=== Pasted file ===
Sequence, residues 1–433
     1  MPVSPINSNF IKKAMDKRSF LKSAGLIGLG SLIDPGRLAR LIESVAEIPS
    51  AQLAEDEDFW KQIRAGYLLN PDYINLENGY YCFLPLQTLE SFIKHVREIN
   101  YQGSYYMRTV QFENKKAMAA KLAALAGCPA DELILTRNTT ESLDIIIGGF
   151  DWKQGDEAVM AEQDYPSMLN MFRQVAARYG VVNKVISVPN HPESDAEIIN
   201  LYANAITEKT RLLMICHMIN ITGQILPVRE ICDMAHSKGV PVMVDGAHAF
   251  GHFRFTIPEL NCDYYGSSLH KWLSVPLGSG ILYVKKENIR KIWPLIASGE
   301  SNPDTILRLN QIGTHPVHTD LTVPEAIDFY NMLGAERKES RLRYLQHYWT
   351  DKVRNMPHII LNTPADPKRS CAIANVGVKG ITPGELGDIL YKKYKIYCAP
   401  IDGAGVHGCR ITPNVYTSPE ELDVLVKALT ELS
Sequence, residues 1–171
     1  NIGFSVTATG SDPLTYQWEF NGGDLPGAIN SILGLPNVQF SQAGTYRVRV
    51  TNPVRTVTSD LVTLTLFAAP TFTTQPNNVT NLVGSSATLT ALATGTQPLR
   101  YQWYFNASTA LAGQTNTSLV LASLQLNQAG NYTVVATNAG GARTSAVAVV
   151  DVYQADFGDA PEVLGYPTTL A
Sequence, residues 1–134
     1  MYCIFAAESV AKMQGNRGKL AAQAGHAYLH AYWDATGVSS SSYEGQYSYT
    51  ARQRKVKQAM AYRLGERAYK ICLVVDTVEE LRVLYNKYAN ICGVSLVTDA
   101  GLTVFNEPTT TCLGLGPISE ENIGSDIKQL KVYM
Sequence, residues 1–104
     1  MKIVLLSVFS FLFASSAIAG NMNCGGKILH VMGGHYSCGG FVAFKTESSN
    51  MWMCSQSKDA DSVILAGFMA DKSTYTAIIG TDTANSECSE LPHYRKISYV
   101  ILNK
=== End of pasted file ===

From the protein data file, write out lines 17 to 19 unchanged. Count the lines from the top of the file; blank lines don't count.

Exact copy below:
     1  MYCIFAAESV AKMQGNRGKL AAQAGHAYLH AYWDATGVSS SSYEGQYSYT
    51  ARQRKVKQAM AYRLGERAYK ICLVVDTVEE LRVLYNKYAN ICGVSLVTDA
   101  GLTVFNEPTT TCLGLGPISE ENIGSDIKQL KVYM